“What we have here is a failure to communicate…”

Ever know someone with “a chip on their shoulder”?  One story has that phrase originating from the idea of two boys picking a fight with each other, the one putting a wood chip on his shoulder and daring the other to knock the chip off, thus initiating the knock-down-drag-out. 

The problem with chips on shoulders is that they tend to fall off on their own, starting fights when none were intended.  For example: Continue reading ““What we have here is a failure to communicate…””

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Just one. Pleeeeeeeeze?

IMG_20150103_172451138There are times when it seems like just a couple of well-placed lightning bolts would solve quite a few of the world’s problems.  Or at least a few of mine.  Of course, that’s just another one of a gazillion reasons why I’m not God, and a good thing, too.  Irritating, frustrating, and irrational people are, you know ,…irritating and frustrating, and can make one question one’s own rationality.

I should know, having been one of “those people” myself, more times than I probably care to admit.

Many years ago, author Joyce Landorf coined the phrase “irregular people” in her book by the same name.   We all have them, as described above, and also as stated, we have all been one at some point, or will be.  It goes along with that truism:

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Usually, a few bug guts on my windshield aren’t terribly inconvenient; although they’re ugly, I can still see to drive my car.  That is, until the sun hits them just the right way, then …pow

…and suddenly, driving becomes a hazardous enterprise!  Really, the responsible thing to do is to pull over and clean off the windshield.  Otherwise, I’m not only endangering myself, but those in the car with me and other drivers sharing the road.

Irregular people do that.  They can muss up my vision–my perspective, intentions, goals. And if I allow it, even my physical health, and more importantly, my heart.  

That’s one of (the many) reasons why this was written into eternity for us:

“Guard your heart above all else,
    for it determines the course of your life.”

Naturally, bug guts come in all varieties and colors: offense and unforgiveness, unmet expectations, unfair or harsh criticism, and worse things I care not to put in print.  Then there are the times (oh, this is hard one!) when I realize that it’s my emotional guts on someone else’s windshield.  It’s one thing to forgive someone else–how mature and altruistic of me.  It’s quite a different challenge to ask someone else’s forgiveness.  Saying “I’m sorry” may be a bit of a lost art.  I’ll admit I’ve gotten quite good at it through the years, and I’m still learning.  It sure can go a L-O-N-G way in helping clean up the other party’s visual field, though.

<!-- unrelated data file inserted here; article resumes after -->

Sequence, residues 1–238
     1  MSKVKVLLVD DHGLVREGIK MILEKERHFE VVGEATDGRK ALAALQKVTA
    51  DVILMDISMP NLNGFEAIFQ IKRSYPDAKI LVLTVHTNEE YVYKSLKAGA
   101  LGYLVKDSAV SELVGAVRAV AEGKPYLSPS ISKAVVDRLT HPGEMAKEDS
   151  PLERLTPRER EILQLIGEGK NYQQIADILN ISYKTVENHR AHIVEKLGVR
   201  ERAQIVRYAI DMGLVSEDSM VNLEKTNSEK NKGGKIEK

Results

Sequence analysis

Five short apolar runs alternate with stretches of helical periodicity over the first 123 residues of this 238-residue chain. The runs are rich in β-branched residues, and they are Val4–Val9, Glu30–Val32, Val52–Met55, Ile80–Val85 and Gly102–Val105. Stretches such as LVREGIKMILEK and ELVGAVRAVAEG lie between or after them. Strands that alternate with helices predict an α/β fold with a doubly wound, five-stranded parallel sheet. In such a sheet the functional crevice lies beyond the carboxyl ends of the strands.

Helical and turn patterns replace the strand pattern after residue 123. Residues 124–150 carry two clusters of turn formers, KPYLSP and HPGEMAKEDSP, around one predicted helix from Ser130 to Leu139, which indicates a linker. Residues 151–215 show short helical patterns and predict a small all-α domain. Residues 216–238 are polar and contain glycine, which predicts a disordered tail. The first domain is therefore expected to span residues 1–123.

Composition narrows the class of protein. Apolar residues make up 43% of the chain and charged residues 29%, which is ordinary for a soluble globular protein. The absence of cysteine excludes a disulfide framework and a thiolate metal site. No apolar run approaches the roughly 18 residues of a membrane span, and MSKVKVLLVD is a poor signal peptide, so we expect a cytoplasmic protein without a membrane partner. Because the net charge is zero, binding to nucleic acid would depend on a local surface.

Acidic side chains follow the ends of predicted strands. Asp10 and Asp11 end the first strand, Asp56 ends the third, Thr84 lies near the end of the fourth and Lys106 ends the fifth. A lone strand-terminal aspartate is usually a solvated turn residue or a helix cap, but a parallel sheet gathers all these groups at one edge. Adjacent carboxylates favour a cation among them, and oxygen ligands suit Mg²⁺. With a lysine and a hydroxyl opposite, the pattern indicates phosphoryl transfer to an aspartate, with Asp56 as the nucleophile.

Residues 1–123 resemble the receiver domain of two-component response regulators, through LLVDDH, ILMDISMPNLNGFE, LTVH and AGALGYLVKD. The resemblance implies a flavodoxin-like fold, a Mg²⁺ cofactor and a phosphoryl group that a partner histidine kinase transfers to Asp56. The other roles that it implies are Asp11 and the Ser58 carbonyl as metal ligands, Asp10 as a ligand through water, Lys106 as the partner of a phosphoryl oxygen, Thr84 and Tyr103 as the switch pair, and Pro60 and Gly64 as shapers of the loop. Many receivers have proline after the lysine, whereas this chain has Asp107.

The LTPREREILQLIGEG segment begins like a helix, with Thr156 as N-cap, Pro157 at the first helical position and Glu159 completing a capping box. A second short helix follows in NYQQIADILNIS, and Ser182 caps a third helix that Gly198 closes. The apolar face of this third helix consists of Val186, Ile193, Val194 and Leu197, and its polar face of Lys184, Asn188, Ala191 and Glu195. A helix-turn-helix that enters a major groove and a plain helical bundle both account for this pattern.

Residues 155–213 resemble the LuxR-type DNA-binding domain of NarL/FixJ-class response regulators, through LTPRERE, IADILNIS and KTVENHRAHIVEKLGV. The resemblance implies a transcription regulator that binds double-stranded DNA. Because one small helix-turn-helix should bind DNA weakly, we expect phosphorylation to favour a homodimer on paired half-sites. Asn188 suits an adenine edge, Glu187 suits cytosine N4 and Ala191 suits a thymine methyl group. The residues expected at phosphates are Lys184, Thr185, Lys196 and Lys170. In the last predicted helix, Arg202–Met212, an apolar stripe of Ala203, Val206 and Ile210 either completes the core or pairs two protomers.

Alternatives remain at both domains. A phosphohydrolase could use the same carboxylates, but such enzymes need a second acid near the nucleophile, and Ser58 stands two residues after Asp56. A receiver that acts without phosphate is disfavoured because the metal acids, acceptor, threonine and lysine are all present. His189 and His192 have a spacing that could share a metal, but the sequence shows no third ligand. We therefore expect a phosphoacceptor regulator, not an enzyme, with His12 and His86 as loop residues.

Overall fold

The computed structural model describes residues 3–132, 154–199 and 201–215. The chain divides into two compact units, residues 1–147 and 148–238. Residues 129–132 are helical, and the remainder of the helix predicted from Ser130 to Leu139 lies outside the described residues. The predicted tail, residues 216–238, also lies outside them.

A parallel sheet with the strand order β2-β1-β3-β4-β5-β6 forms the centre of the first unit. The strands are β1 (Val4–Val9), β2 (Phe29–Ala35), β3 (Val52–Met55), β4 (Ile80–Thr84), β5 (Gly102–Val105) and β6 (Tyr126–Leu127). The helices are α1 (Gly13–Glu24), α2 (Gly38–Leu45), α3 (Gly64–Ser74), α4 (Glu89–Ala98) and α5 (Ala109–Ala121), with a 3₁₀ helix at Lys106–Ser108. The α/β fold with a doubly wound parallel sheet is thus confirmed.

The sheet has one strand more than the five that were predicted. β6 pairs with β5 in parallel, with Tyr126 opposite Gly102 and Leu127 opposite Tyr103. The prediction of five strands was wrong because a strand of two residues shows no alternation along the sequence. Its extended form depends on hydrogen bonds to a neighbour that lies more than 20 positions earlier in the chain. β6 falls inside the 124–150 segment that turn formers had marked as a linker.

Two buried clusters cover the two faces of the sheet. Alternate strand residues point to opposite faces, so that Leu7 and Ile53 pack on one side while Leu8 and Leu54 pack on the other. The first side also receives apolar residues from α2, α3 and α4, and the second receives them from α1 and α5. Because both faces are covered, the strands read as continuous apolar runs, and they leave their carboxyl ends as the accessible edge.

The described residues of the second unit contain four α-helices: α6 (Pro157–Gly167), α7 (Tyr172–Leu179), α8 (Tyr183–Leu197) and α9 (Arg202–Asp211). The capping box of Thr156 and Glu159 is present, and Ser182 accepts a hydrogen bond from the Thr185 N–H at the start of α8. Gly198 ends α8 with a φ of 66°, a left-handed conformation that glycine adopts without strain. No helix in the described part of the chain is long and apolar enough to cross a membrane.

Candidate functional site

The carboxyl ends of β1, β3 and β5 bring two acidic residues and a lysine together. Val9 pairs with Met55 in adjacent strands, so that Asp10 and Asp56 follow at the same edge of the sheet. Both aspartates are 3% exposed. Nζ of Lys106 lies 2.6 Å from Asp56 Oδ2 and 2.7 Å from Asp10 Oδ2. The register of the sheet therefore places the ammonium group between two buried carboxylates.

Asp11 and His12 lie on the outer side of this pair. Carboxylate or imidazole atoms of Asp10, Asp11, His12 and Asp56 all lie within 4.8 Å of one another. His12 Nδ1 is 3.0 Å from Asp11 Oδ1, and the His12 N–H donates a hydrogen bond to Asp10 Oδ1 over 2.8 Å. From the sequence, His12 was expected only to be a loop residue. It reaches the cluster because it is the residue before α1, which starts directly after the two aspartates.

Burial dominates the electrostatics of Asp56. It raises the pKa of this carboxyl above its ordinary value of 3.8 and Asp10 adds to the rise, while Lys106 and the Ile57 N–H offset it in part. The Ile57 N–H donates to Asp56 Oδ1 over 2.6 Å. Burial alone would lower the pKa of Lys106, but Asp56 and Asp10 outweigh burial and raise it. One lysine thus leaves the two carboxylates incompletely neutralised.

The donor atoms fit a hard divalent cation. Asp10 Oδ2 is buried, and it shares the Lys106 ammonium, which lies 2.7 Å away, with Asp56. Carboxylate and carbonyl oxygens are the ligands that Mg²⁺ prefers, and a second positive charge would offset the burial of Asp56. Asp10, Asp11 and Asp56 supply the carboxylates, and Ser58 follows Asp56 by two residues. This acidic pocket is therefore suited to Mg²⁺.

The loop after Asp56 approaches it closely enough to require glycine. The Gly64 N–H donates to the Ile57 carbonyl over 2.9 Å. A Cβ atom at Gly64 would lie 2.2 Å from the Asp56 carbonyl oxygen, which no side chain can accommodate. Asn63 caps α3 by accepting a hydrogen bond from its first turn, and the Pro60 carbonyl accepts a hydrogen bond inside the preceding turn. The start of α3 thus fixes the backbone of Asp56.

It’s fairly easy to put off the cleaning process, especially when we’re in the fast lane of life, until by God’s grace His light hits our lives and we’re stunned by how much we really can’t see.  Best to pull over, STOP, get out of traffic,–whatever that looks like for us individually–thus protecting all involved.  

Guaranteed, the ride will be much more enjoyable when the view is unobscured.

Proverbs 4:23  Holy Bible, New Living Translation, copyright © 1996, 2004, 2015 by Tyndale House Foundation. Used by permission of Tyndale House Publishers Inc., Carol Stream, Illinois 60188. All rights reserved.

“I don’t do windows”…bad idea

wood 2Windows, what a pane!  (Couldn’t resist.)  Most of the windows in my house are really old and are not the “easy-to-clean” type they make now.  Actually, I’m waiting for someone to invent a self-cleaning brand, sort of like the self-cleaning ovens, which I also do not have. 

It just gets to the point where, when the evening sun tries to slants through from the west, it hits the dust and grime and you can’t really see out of the window, but you can sure see the dust and grime on the window.  And really, there are some pretty nice things to look at in my yard, if I do say so myself.  Amazing what a little Windex does—transparent is a significant improvement over opaque, (unless, of course, it’s the bathroom….y’know.)

Even more so with my car windshield.  Sometimes I just Continue reading ““I don’t do windows”…bad idea”

Harmony, in any language.

wood 2One of Bob’s brothers was a army paratrooper out of Fort Bragg.  He then went on to get his M.Div. from Fuller in California.  So somewhere along the way he was dubbed “the warrior priest”.  (We still have a couple of his army jackets—your tax dollars at work…)

Evidently, English is not an easy second language to learn, but Richie mentioned how difficult it was to learn Greek and Hebrew.  I can only imagine the hours he spent at a desk pouring over books and notes.  It had to be an intentional positioning of his body and mind to make sense of all those squiggly marks!

So I have an increased respect for those who delve into the classic languages, and those who have sacrificed much more than time to bring us the Bible in our own tongue.  Through the years, even I have picked up a few words here and there. I have a sweetnecklace gold necklace that Bob’s mom brought back to me from a visit to Israel that is my name in Hebrew.  (At least, that’s what she was told; for all I know it could say “go home, Yankee pig”, but that’s beside the point.)  Years ago, I Continue reading “Harmony, in any language.”